On Early 20th-Century America’s Unhealthy Fixation with ‘Hygiene’
Junk Science, Paternalism, and a Misplaced Faith in 'Expertise'
Adolf Meyer never accepted that different approaches to mental illness were in conflict. All “facts,” from whatever source, were welcome and would, in due course, contribute to understanding and combating mental illness. Meyer was an encouraging presence in the rise of virtually all the new biological treatments of the 1920s and 30s. Prior to that, he left his mark on the American eugenics movement.
But Meyer also played a decisive role in the rise of an important new American movement to combat mental illness that was not biological. Called mental hygiene, it was animated by the belief that many mental illnesses had their roots not in bad brains but in bad habits picked up from living in bad neighborhoods or being raised by bad parents. It was Meyer who named the movement and provided many of its original framing ideas. After World War II, when a new generation of American Freudians inherited mental hygiene’s mantle, Meyer’s stamp on their thinking was visible everywhere.
The story of mental hygiene begins in 1909, when Meyer co-founded the National Committee on Mental Hygiene, with a mission to research the social and environmental causes of mental illness and to develop strategies for ameliorating them.
In setting up this committee, Meyer worked (not always very harmoniously) with former asylum patient and wealthy citizen activist Clifford Beers. In 1908 Beers had published a widely noted memoir, A Mind That Found Itself, in which he described his appalling experiences in a mental hospital. He himself had originally envisioned a movement focused on reforming the often abusive and underfunded state hospital system, and had reached out to Meyer for help. Meyer persuaded Beers to focus instead on reducing the number of people who ended up in such institutions in the first place.
And as mentioned, Meyer coined the term mental hygiene for this initiative, thereby aligning it with other public hygiene movements of this time: social hygiene (which aimed to combat promiscuity and reduce the spread of sexually transmitted diseases), physical hygiene (which aimed to teach habits of cleanliness, good nutrition, and fitness), and what was sometimes called race hygiene (eugenics, in which Meyer of course was also active). All of these movements in turn came of age during a period in the early 20th century known as the Progressive Era, when the United States was first coming to terms with the effects of rapid industrialization, urbanization, and immigration.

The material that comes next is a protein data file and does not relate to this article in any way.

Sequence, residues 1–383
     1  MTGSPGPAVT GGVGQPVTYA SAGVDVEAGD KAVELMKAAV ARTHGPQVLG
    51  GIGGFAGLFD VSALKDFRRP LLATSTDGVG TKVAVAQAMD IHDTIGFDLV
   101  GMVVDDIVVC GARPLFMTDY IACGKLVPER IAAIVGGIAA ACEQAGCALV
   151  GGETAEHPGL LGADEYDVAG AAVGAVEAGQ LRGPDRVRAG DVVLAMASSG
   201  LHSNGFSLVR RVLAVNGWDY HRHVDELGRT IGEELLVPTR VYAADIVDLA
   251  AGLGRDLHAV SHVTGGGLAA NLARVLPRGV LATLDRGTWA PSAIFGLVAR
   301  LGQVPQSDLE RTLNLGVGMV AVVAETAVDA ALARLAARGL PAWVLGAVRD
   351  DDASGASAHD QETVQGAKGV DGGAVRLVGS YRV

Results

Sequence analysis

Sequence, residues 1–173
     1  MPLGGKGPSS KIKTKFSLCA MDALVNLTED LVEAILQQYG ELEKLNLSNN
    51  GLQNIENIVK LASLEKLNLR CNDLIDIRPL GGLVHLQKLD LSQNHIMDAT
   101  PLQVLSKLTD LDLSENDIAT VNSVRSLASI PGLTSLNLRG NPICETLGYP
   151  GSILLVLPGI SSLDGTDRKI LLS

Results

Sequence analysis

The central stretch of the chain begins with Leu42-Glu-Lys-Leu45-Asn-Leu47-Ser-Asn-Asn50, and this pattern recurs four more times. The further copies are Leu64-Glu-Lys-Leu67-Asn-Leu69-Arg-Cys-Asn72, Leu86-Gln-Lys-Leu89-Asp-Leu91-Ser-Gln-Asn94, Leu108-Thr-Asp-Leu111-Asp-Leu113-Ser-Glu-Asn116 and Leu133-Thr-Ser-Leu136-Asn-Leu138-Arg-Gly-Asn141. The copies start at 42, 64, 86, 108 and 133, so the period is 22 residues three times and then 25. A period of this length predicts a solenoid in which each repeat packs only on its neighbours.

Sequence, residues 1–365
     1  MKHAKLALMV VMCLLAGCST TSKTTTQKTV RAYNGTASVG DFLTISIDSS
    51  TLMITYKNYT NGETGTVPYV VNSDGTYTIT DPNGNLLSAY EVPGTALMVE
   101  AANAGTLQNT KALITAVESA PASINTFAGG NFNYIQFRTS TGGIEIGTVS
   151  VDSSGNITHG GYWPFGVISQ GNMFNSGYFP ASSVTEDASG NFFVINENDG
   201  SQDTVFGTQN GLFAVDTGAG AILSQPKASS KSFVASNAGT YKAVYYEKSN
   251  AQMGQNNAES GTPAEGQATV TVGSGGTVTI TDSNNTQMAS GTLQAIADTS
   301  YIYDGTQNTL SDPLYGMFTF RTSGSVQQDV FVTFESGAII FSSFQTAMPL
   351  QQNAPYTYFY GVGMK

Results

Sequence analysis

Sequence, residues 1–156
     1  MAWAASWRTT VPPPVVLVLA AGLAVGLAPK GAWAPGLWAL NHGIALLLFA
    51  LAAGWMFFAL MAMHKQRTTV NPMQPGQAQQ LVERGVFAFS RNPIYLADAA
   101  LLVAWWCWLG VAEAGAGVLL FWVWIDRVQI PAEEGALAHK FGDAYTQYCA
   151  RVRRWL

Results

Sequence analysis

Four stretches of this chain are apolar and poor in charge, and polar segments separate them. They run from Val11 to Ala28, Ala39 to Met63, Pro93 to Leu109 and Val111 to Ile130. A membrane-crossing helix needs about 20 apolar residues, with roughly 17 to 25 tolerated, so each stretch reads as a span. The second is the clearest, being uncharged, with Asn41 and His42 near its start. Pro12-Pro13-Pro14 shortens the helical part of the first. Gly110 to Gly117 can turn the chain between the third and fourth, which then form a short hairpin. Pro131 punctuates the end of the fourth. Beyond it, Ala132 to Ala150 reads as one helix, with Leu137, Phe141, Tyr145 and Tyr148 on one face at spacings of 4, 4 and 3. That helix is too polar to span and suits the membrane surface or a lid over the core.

The Progressive Era was marked by great moral contradictions. It was a time when so-called robber barons—late 19th-century American businessmen like the Carnegies and the Rockefellers—made huge wealth by exploiting workers and using cutthroat business methods, but it also saw the establishment of the first worker unions and efforts to improve child labor laws. The National Association for the Advancement of Colored People was established in 1909, even as Jim Crow segregation laws structured virtually all aspects of American life. White suffragettes fought to extend the vote to women, but did so in ways that often explicitly contributed to black disenfranchisement. Finally, it was the age of the expert, when lots of things were supposedly going to be fixed by the people who knew best.
With the help of other prominent figures in the field, Meyer and Beers’s movement of experts aimed to broaden psychiatry’s remit along preventive lines. Psychiatrists should no longer sit in their cavernous hospitals, waiting for mentally ill patients to come to them. They should instead seek to combat incipient mental illness before institutionalization was needed. In setting this goal, the mental hygienists created a new kind of patient for psychiatry: the so-called maladjusted person, also a term coined by Meyer.
Maladjusted people, he explained, were not truly mentally ill but were at risk of becoming so. One saw such people everywhere: they were the socially awkward ones, the introverts, the evasive ones, the shy ones, the excessively “good” ones, or conversely, the troublemakers or rebels. What all these people shared (different as they might have superficially seemed) was a deficiency in the ability to effectively “react” or “adapt” to the demands of life. As one of Meyer’s colleagues, C. Macfie Campbell, put it in 1917, “Mental disorders are disorders of human adjustment, maladaptations, unhygienic compromises, immature or distorted methods of meeting the complex situations of life.”
In their effort to prevent or at least reduce incidences of maladjustment, the hygienists initially focused on education. They mounted traveling exhibitions, produced and distributed pamphlets, hired and promoted public speakers, and pitched local newspapers stories. They taught ordinary people how to identify the early signs of disorder, urging parents in particular to bring their maladjusted children to a doctor at once. They offered tips for practicing good mental hygiene at home: avoid alcohol abuse, become aware of the fatal risks of syphilis, avoid overwork, reduce strain, don’t suppress feelings but also don’t brood, avoid taking refuge in fantasy, and partake in normal social activities.
These tips may strike us today as homilies that equated mental health with Progressive-Era understandings of productive citizenship, but the mental hygiene movement wrapped them in a patina of medical authority, and at the time they were taken seriously.
Reprinted from Mind Fixers by Anne Harrington. Copyright (c) 2019 by Anne Harrington. Used with permission of the publisher, W.W. Norton & Company, Inc. All rights reserved.
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